The term Delmonico steak can mean a lot of things, and there is little agreement about precisely what steak it correctly refers to. In fact, about the only thing people seem to agree on is that it's named for Delmonico's, a steak house in New York where it's said to originate.
Origins of the Delmonico Steak
Unfortunately, no one can say for sure exactly what cut of meat Delmonico's was serving when it created the Delmonico steak, because it happened in around 1840, and there's no one around who remembers.
As such, butchers, chefs and steak aficionados can't even agree on whether a Delmonico steak should be boneless or bone-in. And there's even less agreement about exactly which cut of beef it should be made from.
At its most basic, though, a Delmonico steak is a big steak—possibly up to two inches thick. And it should be a very high-quality piece of meat, with plenty of marbling.
It might be a bone-in or boneless ribeye steak, or a boneless or bone-in strip steak. Some descriptions of the Delmonico steak depict it as a smaller version of a T-bone steak.
So, we have a mystery. We do know that the Delmonico is a tender cut of meat, which should be cooked quickly with dry-heat cooking methods such as grilling and broiling.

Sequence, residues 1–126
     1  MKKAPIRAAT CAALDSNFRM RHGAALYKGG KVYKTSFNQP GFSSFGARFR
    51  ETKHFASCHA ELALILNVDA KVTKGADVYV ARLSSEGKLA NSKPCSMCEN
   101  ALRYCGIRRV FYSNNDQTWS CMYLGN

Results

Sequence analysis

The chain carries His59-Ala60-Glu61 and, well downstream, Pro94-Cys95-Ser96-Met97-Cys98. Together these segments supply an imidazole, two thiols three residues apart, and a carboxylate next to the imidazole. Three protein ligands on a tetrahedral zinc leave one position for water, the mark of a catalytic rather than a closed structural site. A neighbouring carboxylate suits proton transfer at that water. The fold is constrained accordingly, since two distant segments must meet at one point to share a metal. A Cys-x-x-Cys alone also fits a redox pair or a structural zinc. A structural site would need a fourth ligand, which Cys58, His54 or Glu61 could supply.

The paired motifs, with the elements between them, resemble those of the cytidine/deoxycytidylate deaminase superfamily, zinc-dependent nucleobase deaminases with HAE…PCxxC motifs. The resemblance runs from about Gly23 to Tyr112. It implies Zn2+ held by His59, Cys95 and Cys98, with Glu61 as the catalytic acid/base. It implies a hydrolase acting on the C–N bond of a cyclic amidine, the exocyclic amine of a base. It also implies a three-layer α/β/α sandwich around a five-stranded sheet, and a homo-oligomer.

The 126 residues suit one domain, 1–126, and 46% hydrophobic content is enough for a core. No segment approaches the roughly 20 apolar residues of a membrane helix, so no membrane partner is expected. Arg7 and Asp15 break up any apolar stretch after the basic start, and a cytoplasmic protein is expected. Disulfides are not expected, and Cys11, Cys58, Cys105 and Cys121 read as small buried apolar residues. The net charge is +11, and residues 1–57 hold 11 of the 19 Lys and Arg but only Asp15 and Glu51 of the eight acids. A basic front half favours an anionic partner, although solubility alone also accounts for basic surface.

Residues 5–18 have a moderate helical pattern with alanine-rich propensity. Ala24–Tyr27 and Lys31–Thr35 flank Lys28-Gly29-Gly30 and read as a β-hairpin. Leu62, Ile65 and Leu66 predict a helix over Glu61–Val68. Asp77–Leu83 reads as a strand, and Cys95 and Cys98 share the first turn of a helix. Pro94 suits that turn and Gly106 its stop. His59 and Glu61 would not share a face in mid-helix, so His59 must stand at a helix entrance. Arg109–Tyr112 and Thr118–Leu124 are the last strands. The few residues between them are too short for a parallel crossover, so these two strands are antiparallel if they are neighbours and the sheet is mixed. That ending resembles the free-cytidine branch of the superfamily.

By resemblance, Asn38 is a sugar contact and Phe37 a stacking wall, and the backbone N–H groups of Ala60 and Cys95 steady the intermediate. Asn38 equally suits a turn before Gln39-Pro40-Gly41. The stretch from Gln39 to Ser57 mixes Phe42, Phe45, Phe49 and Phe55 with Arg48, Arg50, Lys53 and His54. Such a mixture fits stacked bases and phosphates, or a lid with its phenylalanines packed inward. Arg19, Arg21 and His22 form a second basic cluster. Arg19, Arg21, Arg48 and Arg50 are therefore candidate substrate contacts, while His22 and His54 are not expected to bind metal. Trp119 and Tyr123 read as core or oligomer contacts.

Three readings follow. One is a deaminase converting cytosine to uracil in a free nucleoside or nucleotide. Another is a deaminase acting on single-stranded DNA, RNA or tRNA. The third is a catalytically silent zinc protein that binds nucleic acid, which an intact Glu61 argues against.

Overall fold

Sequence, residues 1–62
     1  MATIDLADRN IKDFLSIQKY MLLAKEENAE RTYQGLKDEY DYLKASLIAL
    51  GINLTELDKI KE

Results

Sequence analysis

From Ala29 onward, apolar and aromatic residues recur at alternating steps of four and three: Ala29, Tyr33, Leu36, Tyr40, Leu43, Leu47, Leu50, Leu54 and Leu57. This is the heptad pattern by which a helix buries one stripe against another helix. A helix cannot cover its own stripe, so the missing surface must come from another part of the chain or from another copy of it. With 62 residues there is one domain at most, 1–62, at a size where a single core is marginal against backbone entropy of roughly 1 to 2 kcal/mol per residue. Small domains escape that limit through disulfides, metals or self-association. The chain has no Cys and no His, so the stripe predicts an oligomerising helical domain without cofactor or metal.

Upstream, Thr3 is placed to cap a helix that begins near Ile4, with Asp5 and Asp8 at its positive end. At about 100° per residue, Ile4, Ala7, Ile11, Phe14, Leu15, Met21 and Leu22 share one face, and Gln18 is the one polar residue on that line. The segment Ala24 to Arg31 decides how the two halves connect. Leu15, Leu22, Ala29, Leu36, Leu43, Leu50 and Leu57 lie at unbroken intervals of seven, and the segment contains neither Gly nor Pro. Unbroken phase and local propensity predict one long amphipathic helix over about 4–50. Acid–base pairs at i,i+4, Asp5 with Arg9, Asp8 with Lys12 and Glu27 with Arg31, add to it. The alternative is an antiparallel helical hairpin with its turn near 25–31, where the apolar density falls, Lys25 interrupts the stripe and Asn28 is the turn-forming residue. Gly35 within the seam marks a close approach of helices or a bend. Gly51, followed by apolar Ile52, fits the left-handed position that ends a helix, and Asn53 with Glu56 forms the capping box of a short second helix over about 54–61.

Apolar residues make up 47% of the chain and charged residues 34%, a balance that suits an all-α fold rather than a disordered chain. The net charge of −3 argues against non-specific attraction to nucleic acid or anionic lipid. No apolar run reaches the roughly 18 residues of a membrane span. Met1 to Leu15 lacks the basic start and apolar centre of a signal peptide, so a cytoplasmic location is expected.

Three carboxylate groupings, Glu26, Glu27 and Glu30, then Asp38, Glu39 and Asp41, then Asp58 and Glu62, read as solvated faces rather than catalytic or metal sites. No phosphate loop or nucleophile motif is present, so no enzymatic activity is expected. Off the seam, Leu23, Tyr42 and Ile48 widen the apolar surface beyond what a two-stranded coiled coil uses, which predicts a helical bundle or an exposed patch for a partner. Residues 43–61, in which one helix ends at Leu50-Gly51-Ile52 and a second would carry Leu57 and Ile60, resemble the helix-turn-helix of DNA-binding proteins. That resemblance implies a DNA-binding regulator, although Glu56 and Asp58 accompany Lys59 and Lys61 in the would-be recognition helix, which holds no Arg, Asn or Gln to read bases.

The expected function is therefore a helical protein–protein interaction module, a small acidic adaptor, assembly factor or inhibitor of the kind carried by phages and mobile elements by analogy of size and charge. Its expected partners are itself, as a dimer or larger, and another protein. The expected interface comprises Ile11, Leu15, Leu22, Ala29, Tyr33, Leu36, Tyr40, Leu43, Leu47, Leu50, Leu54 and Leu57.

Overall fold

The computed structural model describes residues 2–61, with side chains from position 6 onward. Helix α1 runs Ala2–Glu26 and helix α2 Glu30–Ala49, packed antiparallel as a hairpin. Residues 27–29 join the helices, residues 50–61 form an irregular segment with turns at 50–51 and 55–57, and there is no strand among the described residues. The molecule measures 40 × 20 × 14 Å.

Authenticity in Debate
This uncertainty has led to a kind of free-for-all in which anyone with an apron and a pair of tongs can claim that their steak is the authentic Delmonico. There are no culinary police to stop them.
As it happens, it's an increasingly common practice among butchers to take chuck eye steaks, tie them up with string and call them Delmonico steaks, which is about the same as taking a Chevy, sending it through the car wash and calling it a Cadillac.
This practice is only something they can get away with in the first place because there is no strict definition of the word "Delmonico." Still, using a semantic loophole to take advantage of unsuspecting customers is not something a good butcher ought to do.
Ultimately, the Delmonico steak is as much myth as it is a specific cut of steak. If it's a thick, good quality steak from the rib or short loin, you could call it a Delmonico. Delmonico's Restaurant is still in business, and on their menu, the Delmonico steak is a boneless ribeye.